As a divorce attorney in San Marcos and Austin, I often recommend that my clients consult with a tax professional during the divorce proceedings to get an personal assessment of how taxes will impact the division of property and debt after divorce.
One of the lesser-known complications of divorce involves taxes, specifically child-related tax breaks awarded to one of the parents. At times, agreeing on who gets these tax benefits boils down to who can claim the child as a dependent.
Who Has Custody Over the Child?
When it comes to tax issues, children are usually able to be claimed by parent with custody for most of the year; that parent is typically called the “custodial parent,” with the other parent called the non-custodial parent.
What usually happens is the custodial parent can claim the dependent exemption deduction. However, a noncustodial parent rule enables the custodial parent to waive their right to claim the child as a dependent—a tax provision that noncustodial parents should be aware of.
Requirements for Tax Break Eligibility
Under this exemption rule, the designated child is considered a qualifying child of the noncustodial parent, provided the following requirements are fulfilled:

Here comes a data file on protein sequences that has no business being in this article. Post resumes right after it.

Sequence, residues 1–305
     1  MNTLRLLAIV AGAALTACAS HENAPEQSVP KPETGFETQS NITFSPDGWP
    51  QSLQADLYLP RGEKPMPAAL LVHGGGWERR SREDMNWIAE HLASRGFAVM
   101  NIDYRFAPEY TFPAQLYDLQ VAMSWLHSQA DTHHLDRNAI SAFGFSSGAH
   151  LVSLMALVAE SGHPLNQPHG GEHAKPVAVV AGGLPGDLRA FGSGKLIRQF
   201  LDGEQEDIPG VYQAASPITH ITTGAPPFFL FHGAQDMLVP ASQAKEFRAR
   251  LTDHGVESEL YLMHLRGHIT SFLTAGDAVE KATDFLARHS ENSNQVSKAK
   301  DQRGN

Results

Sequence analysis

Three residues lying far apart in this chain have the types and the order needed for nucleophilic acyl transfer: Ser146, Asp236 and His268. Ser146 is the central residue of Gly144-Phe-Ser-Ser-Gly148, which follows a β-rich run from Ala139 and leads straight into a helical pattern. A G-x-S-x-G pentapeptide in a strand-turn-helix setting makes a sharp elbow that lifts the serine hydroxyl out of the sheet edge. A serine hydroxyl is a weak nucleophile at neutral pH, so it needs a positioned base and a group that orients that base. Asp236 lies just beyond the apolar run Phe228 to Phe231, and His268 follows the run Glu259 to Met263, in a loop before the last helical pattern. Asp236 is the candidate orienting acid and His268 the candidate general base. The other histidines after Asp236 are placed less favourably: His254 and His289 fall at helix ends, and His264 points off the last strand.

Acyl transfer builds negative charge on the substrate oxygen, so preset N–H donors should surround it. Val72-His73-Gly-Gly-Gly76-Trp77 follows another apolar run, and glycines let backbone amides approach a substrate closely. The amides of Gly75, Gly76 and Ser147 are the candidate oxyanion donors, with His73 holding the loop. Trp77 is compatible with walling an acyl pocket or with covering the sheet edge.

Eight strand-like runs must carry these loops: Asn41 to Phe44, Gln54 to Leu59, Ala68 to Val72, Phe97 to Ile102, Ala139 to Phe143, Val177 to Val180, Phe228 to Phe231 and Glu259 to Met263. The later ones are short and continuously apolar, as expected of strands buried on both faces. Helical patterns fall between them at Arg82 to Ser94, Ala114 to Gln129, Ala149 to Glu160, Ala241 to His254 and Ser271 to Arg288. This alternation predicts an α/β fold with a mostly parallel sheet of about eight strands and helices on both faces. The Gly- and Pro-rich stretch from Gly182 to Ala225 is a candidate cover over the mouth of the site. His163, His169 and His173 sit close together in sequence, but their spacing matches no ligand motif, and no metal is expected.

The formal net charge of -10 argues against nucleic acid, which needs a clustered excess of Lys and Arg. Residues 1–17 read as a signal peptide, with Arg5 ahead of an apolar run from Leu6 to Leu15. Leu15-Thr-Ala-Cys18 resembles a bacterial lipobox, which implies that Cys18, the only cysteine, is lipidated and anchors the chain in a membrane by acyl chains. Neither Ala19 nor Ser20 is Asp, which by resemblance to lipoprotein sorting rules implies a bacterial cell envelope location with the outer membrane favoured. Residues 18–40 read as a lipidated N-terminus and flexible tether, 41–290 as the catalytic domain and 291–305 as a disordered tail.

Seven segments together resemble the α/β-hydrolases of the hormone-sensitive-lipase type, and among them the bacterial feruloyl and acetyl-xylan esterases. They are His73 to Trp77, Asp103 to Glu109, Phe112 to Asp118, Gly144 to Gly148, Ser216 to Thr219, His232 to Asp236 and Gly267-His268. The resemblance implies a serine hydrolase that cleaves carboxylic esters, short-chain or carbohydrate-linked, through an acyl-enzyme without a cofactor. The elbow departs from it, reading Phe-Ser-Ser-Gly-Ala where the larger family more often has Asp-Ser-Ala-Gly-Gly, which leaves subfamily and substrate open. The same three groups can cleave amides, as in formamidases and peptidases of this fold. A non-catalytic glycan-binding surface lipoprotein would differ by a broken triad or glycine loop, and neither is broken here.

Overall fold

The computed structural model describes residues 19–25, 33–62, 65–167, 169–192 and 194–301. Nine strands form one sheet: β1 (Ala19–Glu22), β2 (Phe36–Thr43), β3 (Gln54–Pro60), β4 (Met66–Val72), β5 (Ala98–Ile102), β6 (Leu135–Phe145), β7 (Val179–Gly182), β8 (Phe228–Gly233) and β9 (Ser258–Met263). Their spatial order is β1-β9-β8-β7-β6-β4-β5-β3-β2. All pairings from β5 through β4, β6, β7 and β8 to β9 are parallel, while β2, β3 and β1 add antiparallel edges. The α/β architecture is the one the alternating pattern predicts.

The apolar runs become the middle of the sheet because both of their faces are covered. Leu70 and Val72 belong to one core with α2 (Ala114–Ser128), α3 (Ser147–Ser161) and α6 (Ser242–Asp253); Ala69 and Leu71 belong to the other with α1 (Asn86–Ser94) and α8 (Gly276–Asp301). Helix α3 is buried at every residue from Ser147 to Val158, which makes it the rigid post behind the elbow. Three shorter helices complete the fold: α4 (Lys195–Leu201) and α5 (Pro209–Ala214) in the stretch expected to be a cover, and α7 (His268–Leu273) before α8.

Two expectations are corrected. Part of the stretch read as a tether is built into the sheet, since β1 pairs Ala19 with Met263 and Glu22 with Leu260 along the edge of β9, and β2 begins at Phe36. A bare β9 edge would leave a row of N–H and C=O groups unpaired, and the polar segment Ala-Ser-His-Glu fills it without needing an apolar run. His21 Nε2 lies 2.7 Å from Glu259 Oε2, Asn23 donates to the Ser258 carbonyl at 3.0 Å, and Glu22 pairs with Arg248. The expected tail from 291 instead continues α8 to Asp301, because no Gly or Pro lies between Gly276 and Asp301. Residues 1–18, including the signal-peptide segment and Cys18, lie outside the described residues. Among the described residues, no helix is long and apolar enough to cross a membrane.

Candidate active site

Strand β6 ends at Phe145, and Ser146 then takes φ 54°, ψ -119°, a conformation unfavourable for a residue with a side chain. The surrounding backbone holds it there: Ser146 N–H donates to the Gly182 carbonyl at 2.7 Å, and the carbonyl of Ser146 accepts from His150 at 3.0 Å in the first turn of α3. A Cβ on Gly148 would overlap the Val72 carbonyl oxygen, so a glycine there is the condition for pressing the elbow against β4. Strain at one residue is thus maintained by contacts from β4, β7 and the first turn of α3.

Support: One or both parents must shoulder more than half of child support for the year;
Divorce or separation: The parents should be divorced or separated at the end of the year (as provided by a written agreement) or have not lived together over the last six months;
Custody: The designated child must be under the custody or one or both parents for more than six months;
Written declaration: Custodial parents must make clear their intentions of waiving their right to claim the child as a dependent through a signed written declaration. This effectively releases their right to claim the child as a dependent for the year to the noncustodial parent;
Tax Breaks for Parents:
Upon meeting these requirements, the noncustodial parent can then claim tax benefits that include, but are not limited to, the following:
Dependency exemption deduction – As of 2016, the deduction is set at $4050.
Child tax credit – Noncustodial parents can avail of up to $1000 in tax credits for each designated child. Note that this tax credit is dependent on a phase-out rule for parents with higher incomes.
Education tax credits – Comes in two types of credits:
American Opportunity credit – Worth up to $2,500 and can be used during the designated child’s first four years in college
Lifetime Learning credit – Worth up to $2,000, covering all tuition costs for children taking up higher education
Interest deductions for student loans – Deductions can be as much as $2,500 for the student loan interest cost paid by noncustodial parents.
Deduction for tuition costs – Worth as much as $4,000 for enrollment fees and higher education tuition. The tax credit is subject to income bracket rules; high-income levels reduce the maximum deductible amount to $2,000, until being disallowed completely at even higher income levels.
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